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Is the cloud secure?
We’ve all seen the stats:
“Through 2020, public cloud infrastructure as a service (IaaS) workloads will suffer at least 60% fewer security incidents than those in traditional data centers.” Say Gartner, “By 2018, the 60% of enterprises that implement appropriate cloud visibility and control tools will experience one-third fewer security failures.” They also predict.
With this confidence from some quarters it is no wonder that a recent Intel Security survey found:
- Hybrid cloud adoption grew 3X in the last year, increasing from 19% to 57% of organizations surveyed.
- In 15 months, 80% of all IT budgets will be committed to cloud solutions.
But it also found that:
- 49% of businesses are delaying cloud deployment due to a cybersecurity skills gap.
There is no doubt that the large public cloud providers such as AWS, Microsoft and Google subject themselves to security measures and audits far in advance of most enterprises and on-premise data centres. So why then in the 2017 State of the Cloud research conducted by Xceligent did they find that more than half of respondents (51%) cited security as the biggest challenge in using private or hybrid cloud.
It seems to be that clouds are, by and large, secure – the question then becomes around how you are using the cloud, for example Gartner examined the following challenges in a recent report:
- Naive beliefs that cloud providers are totally responsible for their clients’ security discourage organizations from ensuring their employees use cloud services appropriately.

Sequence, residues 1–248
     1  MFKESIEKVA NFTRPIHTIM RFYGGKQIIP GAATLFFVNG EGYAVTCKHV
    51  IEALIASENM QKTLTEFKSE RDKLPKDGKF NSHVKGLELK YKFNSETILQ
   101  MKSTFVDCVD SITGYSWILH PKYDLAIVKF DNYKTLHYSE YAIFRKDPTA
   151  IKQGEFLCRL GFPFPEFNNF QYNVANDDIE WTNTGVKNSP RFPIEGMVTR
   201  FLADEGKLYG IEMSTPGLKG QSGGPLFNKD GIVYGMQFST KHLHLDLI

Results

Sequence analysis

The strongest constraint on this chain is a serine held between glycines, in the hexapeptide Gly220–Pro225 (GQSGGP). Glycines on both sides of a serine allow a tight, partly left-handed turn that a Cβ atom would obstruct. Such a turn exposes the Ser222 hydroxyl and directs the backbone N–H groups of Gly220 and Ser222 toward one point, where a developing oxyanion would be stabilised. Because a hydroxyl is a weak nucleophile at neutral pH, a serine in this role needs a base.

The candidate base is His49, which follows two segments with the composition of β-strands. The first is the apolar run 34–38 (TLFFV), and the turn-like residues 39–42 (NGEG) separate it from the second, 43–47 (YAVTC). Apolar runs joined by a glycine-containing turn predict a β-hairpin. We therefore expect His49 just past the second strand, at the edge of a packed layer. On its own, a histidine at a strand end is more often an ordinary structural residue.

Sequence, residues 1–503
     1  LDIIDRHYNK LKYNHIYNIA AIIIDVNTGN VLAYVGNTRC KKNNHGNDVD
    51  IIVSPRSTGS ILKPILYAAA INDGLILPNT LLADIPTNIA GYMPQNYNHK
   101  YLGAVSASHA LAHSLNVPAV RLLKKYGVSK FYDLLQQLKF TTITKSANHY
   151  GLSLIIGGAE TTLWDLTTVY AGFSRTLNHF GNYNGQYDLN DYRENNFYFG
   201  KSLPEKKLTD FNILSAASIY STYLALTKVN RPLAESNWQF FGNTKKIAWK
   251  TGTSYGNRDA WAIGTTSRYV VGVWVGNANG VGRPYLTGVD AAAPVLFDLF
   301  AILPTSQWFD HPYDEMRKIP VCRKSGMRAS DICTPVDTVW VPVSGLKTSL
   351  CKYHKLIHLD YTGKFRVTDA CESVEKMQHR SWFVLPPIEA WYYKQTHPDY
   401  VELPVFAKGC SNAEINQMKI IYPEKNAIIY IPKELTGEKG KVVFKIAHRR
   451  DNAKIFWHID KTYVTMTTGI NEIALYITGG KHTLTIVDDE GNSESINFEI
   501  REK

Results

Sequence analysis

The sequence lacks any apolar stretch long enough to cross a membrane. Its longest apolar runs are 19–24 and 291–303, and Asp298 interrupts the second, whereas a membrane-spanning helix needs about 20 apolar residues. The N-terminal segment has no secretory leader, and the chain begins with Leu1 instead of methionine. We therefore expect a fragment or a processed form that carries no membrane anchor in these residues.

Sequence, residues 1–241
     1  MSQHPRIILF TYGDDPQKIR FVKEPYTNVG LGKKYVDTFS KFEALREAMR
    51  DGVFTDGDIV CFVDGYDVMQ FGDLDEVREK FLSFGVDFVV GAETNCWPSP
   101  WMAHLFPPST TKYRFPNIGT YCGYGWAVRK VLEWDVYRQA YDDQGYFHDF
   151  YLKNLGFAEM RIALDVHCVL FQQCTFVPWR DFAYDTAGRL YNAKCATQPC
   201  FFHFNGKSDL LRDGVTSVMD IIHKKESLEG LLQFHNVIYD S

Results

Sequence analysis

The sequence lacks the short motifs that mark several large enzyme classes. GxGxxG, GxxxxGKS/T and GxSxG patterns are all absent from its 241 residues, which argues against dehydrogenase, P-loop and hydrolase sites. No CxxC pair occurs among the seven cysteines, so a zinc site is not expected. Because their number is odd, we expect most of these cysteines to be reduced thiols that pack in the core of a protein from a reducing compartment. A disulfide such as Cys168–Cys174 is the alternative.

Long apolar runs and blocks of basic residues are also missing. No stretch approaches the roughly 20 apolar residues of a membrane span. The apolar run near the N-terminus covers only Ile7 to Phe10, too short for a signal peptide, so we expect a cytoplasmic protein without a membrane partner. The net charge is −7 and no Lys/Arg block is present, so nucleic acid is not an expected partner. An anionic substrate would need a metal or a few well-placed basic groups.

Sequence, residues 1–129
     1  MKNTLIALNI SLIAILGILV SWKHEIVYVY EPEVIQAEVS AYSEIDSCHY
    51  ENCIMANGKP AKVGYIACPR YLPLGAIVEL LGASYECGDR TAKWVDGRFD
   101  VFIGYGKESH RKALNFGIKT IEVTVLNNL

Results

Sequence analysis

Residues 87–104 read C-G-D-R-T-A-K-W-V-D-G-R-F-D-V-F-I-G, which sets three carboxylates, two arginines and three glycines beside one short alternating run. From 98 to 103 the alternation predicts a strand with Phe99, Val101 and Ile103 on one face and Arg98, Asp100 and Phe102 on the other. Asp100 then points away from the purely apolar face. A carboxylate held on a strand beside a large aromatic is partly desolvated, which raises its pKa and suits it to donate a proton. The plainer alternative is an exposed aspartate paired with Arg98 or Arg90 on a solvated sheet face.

- Some organizations, especially outside the U.S., are paying an opportunity cost by allowing unwarranted fears about security to inhibit their use of public cloud services.
- Disproportionate attention to the cloud service providers’ (CSPs’) security posture has negatively impacted security by distracting attention away from the establishment of organizational cloud control processes.
- Organizations that haven’t taken a strategic and carefully governed approach to the use of cloud computing can easily use it in a manner that is less secure than traditional computing, resulting in unnecessary compliance incidents and data losses.
- Cut through your organizational cloud preconceptions, and encourage cloud decisions based on business requirements.
- Develop an enterprise public cloud strategy, including security guidance on acceptable uses for infrastructure as a service (IaaS), platform as a service (PaaS) and software as a service (SaaS).
- Implement and enforce policies on usage responsibility and cloud risk acceptance processes.
- Follow a life cycle governance approach that emphasizes the ongoing operational control of your public cloud use.
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